There is more Malawi govt could do on the city chief

The decision to put to an end the practicing of urban chieftainships has triggered some debate on whether the government is right or wrong. To me that’s not an issue, if anything the query could have been whether the government has done justice to only correct the error without probing the genesis and dent left behind.

President Mutharika with the Deputy Mayor of Lilongwe City  Kwame Bandawe at KIA - Pic by Stanley Makuti

President Mutharika with the Deputy Mayor of Lilongwe City Kwame Bandawe at KIA – Pic by Stanley Makuti

But, congratulations are in order for the hardliner public servant who remembered that ‘better late than never’, otherwise there are times when sin is sanctified just because it is persistently practiced and there is nobody to quash it.

It is not the banning of the nonexistent entity (called urban chiefdom) which is cause for alarm for the concerned, but rather the failure to sweep under the carpet, entertaining the practice, even though it is so clear that it brought about chaos in many urban areas.

Nevertheless, I thank government for the diplomatic path used otherwise mass arrests were eminent for the law is clear on urban chieftainships.

Mayors in our cities in vernacular are referred to“Mfumu ya Mzinda” or loosely put chief of the city.

Generally, a traditional chief is determined by custom and is hereditary hence exercise leadership amongst people of their bloodline which is not  practically possible in an urban setting where it is not a surprise to see neighbors staying a decade without knowing each other’s identities.

Legally the Mayor enforces the by-laws, serves as the top conservator of peace in the city, manages the city’s operations, and recommends legislative actions to city council, among others. He also delivers a “State of the City” address in a chosen month.

Entertaining customary leadership in urban setting was duplication and a waste of resources, for urban chiefdom is ably headed by the Mayor and managed through chairpersons and Membership of different standing committees, just as it is in the rural setting where there are group village heads or village heads assisting chiefs.

There are no villages in cities and it would be interesting to learn who was drawing the budget for the treasury to be releasing money to pay people who had no village to head.

We all know that in cities petitioners submit their grievances at the Civic Centre but on this matter it was through the District Commissioners office an indication that it is indeed in a District (rural) where chiefs have a legal mandate to exercise powers unless if the petition was solely about the honorarium which they were getting through the district councils.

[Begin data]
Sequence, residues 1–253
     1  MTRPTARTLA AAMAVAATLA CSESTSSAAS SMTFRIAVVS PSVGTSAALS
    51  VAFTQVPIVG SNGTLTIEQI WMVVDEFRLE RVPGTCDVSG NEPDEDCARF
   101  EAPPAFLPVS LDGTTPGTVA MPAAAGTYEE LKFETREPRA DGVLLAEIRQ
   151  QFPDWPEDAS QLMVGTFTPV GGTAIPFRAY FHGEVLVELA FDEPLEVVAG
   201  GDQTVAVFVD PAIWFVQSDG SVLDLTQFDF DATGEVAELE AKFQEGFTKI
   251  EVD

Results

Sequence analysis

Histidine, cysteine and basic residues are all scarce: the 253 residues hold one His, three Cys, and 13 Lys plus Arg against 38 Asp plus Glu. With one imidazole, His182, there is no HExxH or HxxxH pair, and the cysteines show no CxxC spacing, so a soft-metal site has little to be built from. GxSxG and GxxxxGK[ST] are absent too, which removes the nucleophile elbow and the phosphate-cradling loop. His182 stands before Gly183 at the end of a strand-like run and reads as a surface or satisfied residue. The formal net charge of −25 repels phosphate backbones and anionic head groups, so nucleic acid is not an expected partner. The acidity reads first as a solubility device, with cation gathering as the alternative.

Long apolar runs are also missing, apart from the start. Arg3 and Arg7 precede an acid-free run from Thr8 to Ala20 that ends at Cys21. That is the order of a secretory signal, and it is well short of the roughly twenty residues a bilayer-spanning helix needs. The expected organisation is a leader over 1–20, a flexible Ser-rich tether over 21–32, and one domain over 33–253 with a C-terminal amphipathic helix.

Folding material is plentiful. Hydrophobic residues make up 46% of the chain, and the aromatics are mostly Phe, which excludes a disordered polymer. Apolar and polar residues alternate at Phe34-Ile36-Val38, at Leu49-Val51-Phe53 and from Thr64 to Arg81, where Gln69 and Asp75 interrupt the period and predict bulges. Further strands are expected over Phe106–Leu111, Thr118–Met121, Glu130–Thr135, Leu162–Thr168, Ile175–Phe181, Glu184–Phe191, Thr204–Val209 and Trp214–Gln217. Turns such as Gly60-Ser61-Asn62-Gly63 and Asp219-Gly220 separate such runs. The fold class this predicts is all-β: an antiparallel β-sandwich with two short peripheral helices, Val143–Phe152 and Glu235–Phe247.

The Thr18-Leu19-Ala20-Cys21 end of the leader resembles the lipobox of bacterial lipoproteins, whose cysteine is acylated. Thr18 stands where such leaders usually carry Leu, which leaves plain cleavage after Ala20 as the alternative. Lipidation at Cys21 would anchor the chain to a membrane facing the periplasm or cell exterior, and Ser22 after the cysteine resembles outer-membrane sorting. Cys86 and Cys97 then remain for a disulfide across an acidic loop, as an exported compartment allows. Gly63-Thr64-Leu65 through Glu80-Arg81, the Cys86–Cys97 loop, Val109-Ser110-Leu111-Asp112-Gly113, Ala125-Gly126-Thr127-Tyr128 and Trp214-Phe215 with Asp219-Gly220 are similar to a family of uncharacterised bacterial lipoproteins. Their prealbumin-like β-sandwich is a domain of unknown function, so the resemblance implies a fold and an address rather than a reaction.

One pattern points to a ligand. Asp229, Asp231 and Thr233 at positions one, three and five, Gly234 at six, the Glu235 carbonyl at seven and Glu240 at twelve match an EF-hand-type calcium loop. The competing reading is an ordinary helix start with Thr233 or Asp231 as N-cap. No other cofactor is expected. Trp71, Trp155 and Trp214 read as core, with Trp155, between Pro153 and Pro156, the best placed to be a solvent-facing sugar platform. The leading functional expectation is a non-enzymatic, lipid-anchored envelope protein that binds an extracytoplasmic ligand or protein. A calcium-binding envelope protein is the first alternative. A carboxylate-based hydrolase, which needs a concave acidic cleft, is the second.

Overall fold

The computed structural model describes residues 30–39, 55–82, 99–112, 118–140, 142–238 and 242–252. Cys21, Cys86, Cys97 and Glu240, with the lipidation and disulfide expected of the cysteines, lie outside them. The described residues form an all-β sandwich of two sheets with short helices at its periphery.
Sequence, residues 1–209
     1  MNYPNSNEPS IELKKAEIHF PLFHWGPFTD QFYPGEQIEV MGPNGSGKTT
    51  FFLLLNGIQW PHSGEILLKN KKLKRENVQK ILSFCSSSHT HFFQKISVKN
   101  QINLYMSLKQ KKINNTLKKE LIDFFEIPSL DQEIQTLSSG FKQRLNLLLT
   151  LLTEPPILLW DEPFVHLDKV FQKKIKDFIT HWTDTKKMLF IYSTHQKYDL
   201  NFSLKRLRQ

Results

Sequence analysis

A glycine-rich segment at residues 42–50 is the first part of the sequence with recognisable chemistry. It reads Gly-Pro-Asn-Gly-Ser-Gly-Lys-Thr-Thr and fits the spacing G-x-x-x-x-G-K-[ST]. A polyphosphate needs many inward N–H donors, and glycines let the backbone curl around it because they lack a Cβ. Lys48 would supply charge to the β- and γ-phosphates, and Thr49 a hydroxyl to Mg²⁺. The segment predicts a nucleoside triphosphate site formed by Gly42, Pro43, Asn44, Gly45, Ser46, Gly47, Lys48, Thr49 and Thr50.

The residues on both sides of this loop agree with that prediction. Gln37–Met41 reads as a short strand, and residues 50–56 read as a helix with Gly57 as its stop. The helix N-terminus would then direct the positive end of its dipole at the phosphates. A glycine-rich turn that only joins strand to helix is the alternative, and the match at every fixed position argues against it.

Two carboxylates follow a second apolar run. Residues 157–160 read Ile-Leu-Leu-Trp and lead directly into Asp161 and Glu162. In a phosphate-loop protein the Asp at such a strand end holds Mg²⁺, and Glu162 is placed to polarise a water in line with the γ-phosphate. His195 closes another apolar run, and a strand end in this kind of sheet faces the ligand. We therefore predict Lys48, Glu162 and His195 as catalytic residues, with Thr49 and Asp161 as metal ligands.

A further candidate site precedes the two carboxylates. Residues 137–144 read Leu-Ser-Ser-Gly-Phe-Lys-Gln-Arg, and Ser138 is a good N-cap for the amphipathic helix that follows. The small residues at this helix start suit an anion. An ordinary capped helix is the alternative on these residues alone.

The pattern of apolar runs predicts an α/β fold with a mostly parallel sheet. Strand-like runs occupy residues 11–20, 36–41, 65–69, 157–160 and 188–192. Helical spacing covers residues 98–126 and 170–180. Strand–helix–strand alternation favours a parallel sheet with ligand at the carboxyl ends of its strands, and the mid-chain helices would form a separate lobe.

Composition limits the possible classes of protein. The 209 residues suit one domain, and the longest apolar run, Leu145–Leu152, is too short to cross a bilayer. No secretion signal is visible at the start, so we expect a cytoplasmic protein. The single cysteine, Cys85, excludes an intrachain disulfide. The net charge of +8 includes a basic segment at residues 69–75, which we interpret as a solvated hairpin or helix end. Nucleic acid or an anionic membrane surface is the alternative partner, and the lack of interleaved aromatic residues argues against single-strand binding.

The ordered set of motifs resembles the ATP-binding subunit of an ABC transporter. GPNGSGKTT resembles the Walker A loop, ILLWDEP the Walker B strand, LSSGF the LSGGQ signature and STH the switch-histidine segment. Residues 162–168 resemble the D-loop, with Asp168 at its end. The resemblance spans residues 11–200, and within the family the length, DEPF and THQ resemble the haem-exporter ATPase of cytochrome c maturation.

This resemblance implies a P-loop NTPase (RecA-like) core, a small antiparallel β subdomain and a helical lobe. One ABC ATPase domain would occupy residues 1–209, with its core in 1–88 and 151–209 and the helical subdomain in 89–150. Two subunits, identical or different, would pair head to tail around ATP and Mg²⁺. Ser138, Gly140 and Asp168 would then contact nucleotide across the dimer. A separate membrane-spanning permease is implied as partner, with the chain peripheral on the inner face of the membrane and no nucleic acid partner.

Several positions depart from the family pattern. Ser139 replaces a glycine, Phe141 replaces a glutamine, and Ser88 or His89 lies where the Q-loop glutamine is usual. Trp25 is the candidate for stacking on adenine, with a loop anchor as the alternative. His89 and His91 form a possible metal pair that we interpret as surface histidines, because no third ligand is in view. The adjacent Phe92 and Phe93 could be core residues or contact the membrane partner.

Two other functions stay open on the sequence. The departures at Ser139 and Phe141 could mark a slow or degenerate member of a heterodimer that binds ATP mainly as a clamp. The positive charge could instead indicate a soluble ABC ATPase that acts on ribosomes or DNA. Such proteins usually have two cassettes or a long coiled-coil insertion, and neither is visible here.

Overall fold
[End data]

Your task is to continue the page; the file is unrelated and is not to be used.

The decision to invoke the Local Government Act and the Chiefs Act which clearly states that they shall not exercise jurisdiction within the area of a city, municipality or township except with the written approval of the appropriate council established under the Local Government [Urban Areas] Act is actually long overdue for no council in Malawi approved such chiefdoms.

There are fears that the government decision might have implications and challenges as hinted by one petitioner, but who does not know the essentials of law and order, or consequences of deliberate moves to destabilize a legitimate government in sabotaging development projects?

Sadly, the damage brought about by the government’s insensitivity in allowing certain people create urban chiefdom is irreversible and costly, but you surely would not expect Mfumu ya muMzinda or his councillors indulge in illegal activities like allocation of land at a national telecommunication hub or I a mountain which is supposed to be reserved as conservation.

Contrary to what some are thinking, it is not Councillors who have pushed for the reminder that there are no chiefs in the cities. It is the law. What is known is that city residents and ratepayers need councillors to represent their interests and ensure the smooth running of the city and the well being of the community whether socially, economically, environmentally and culturally, in accordance with the Local Government Act.

But if someone is looking for a chief in an urban setting, then the answer is at the Civic Centre; the sitting of Mayor, and no other.

  •  A city resident Peter Chipanga who likes commenting on social issues contributed the article on ‘My Turn’ column in the Nation of Friday June 24 2015
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1 year 3 months ago
I tend to agree With chalo that before cities there were traditional leaders or chiefs and people living in the area. The question is are these chiefs and their people still living in these now called city areas? Very likely they are not and therefore these areas are now under the mayors. If these chiefs and their subjects are still living in their original areas now taken by cities, then to continue the tradition of our cultures, they must be given some recognition. Just as there is clear separation of power and responsibilities between district councils and Chiefs or traditional… Read more »
1 year 3 months ago

The chiefs were there before the cities. They are the ones who allocated land to the government to build the cities. What should happen now is to sit down with the chiefs explain to them what was initially agreed upon when their ancestors were made to give up their land to pave way for the cities and find a way forward. It is fair that the chiefs who have lost their land in such cases should be entitled to a certain percent of what the city collects on rates.

1 year 3 months ago

The problem is with the government otherwise the column is rich with facts and truth be told that there are no chiefs in cities and all who contributed to the mess should be taken to task.